A Gnome irritation
Here is one of my periodic irritations, posed as a question:
How do you revert a modern Gnome application's settings back to completely stock values?
In the traditional Unix world, programs wrote their settings to dotfiles (sometimes dot-directories). If you wanted to reset a program back to its starting state, you removed the program's dotfile or dotdir, and you were done. In the modern Gnome world, not so much, because dotfiles are old fashioned now.
(Oh, some programs still have dotfiles or dotdirs, and you'd better remove them too. This is part of the irritation.)
These days Gnome applications store most or all of their settings in gconf, which is one of those great big magic databases like the Windows Registry. And just like what happens with the Windows Registry, your gconf database will accrete all sorts of cruft over time as applications dump settings in there and they never get cleaned up. Maybe the application got removed; maybe you stopped using it; maybe the application changed the keys it uses and didn't clean up the old ones for various reasons.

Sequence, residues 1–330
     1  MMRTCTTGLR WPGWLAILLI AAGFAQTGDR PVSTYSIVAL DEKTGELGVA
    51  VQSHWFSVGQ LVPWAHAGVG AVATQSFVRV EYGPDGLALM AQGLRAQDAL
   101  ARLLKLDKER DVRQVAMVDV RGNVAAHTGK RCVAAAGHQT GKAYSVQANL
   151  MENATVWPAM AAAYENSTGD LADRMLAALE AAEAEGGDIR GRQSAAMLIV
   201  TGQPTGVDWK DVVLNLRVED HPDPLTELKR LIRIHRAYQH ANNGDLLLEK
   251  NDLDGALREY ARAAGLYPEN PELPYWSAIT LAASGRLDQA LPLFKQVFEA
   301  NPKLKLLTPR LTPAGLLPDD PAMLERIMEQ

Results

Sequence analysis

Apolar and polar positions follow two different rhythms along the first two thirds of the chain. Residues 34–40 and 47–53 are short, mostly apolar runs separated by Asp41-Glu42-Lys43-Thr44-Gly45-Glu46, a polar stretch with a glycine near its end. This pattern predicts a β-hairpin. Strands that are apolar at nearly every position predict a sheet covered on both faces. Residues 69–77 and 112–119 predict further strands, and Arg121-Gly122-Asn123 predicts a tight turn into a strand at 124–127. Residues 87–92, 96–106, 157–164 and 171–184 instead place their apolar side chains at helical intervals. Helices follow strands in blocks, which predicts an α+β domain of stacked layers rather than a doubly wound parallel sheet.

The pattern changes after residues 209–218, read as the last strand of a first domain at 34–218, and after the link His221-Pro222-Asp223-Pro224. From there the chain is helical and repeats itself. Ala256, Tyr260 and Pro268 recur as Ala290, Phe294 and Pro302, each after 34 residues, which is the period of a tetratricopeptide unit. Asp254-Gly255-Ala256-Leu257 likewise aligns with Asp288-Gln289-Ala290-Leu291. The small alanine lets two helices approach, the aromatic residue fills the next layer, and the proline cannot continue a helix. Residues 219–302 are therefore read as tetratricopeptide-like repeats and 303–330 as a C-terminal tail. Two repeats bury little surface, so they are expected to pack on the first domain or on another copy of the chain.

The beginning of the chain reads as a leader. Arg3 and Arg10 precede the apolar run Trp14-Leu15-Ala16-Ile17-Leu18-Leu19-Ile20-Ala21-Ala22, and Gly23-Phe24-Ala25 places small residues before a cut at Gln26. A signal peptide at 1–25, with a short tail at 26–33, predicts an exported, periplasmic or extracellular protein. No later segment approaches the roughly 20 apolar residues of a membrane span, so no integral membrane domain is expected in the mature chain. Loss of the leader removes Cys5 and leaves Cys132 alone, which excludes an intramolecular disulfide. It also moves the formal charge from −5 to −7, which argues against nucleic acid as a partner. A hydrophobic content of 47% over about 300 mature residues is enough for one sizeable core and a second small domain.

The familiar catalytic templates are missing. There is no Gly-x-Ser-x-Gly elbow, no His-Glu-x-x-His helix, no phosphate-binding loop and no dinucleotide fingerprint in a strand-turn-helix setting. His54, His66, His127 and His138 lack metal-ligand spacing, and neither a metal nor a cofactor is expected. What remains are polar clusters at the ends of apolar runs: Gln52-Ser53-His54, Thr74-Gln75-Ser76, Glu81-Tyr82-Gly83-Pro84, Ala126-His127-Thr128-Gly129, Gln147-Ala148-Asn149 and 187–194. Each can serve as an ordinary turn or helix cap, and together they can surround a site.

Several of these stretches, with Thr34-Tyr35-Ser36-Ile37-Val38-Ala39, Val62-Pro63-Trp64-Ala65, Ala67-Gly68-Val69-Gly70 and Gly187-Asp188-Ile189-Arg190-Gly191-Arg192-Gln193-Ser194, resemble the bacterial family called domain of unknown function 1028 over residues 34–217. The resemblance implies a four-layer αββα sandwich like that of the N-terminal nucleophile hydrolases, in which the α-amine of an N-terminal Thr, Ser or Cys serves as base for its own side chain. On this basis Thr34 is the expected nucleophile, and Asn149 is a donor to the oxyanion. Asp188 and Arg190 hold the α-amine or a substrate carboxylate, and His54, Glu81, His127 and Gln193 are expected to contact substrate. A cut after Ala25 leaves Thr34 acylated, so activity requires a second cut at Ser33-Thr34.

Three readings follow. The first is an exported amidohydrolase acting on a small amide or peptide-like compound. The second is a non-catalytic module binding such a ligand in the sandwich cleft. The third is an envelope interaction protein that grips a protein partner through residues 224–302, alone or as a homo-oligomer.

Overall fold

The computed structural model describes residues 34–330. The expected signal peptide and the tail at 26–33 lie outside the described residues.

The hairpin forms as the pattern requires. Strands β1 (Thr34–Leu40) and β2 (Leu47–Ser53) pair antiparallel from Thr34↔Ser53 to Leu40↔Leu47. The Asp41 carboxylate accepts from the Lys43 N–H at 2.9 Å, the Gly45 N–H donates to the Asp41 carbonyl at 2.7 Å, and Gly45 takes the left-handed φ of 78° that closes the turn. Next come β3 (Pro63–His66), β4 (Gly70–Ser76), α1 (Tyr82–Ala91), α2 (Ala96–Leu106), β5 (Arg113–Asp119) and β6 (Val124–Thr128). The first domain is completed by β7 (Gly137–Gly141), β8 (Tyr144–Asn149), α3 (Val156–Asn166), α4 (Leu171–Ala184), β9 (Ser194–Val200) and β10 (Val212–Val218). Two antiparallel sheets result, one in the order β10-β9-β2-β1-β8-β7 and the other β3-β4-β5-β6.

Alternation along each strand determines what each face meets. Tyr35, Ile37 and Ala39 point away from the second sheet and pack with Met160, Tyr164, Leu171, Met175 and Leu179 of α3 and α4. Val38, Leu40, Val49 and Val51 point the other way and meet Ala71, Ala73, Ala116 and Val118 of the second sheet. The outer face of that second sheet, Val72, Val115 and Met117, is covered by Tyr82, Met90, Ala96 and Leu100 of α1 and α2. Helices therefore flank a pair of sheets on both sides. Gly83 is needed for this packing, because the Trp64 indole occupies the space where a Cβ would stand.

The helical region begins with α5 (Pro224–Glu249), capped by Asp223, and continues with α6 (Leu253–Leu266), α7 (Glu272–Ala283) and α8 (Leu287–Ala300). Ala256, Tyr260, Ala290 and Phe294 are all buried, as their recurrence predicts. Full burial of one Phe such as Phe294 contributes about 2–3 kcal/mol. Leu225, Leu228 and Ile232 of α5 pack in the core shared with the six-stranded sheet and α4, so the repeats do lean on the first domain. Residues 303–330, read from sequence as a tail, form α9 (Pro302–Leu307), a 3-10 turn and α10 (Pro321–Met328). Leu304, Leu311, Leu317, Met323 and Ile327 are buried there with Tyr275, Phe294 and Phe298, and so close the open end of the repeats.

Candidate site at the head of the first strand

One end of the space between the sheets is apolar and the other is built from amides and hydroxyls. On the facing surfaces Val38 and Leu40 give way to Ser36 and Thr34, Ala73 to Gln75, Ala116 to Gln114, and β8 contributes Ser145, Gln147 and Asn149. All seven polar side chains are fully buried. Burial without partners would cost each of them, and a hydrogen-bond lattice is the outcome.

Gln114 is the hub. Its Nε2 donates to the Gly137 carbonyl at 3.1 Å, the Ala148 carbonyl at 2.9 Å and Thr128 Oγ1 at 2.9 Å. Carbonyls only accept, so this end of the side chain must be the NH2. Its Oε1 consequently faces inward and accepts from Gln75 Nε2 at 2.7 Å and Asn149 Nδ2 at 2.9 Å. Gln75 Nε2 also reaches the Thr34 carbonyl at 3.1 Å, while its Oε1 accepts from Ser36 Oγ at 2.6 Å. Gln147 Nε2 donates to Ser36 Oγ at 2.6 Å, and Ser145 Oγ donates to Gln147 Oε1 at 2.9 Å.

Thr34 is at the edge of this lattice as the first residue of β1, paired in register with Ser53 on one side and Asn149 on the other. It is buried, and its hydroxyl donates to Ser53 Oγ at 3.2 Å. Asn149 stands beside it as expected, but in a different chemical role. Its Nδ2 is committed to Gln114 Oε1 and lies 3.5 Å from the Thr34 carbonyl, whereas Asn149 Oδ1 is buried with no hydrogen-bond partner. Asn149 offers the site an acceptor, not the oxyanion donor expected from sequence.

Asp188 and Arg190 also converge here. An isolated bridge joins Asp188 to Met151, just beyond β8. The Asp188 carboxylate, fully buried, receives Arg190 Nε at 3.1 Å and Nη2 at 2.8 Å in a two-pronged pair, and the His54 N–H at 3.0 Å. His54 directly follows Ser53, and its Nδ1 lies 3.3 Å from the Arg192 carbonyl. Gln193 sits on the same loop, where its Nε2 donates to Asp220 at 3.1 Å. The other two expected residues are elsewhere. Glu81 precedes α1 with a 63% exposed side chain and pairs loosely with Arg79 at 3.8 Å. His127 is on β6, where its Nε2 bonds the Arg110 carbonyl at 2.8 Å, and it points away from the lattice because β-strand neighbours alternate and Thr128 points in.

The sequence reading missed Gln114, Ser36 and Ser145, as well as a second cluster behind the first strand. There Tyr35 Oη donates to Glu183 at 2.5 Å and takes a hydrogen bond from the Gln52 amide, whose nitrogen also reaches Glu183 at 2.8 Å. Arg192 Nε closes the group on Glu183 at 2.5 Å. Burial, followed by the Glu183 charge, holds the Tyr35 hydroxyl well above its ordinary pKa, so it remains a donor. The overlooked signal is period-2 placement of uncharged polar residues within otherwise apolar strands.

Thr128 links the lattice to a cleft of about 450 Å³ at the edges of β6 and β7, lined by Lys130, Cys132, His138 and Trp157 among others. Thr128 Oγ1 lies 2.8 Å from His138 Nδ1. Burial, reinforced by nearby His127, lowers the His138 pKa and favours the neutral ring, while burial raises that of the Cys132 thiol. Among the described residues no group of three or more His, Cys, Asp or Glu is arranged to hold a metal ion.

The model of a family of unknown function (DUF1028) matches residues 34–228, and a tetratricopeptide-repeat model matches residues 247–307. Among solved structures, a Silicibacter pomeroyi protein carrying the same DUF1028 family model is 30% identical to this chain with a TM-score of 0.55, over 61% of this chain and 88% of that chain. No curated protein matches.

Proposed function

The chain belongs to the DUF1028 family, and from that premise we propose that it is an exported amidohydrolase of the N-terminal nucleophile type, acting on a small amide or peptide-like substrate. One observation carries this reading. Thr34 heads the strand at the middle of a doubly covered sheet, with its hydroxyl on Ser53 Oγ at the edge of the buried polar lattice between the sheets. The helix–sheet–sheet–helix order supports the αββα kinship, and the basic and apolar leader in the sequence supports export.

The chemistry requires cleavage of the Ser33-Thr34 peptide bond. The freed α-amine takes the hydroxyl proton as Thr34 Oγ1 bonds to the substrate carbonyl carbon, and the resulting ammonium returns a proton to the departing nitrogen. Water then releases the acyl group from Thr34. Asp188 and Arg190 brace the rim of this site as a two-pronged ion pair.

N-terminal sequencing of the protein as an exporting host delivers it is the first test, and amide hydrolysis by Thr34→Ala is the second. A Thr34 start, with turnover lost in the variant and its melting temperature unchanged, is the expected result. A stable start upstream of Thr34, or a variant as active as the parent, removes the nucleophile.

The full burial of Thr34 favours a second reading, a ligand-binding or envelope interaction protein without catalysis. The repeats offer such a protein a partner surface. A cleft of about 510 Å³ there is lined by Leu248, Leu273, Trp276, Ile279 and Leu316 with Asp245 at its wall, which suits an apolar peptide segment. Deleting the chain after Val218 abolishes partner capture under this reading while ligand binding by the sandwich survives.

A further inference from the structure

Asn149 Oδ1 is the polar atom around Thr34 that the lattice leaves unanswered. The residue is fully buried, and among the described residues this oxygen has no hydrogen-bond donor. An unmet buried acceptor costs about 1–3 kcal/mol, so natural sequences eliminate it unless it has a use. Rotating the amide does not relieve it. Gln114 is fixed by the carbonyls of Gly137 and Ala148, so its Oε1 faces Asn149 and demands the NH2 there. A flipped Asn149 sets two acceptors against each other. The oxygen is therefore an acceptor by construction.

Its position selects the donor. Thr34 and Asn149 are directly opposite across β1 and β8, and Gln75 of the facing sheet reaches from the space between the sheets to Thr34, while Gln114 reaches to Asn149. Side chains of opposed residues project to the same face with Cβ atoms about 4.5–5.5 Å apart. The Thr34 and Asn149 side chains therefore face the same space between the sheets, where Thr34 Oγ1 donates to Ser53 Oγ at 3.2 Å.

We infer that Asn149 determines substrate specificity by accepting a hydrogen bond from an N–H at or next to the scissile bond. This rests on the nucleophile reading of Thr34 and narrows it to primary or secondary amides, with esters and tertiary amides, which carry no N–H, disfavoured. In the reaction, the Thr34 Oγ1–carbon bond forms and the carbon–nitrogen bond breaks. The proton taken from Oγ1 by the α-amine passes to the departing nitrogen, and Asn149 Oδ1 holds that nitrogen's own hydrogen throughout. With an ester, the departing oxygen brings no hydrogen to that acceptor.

So the answer to my question is 'you have to remove the application's keys from your gconf database somehow'. I am sure that there is a magic incantation of some utility that will do it, but I don't know what it is and it is not exactly documented. Apparently reverting settings is something that's supposed to be left up to applications, or just not considered important.
(One might innocently think that removing files from
~/.gconf would do
it. Not so fast; you probably have a running
gconfd process which is
holding everything in memory too, and if you try this it will helpfully
rewrite those files you removed when you, say, log out.)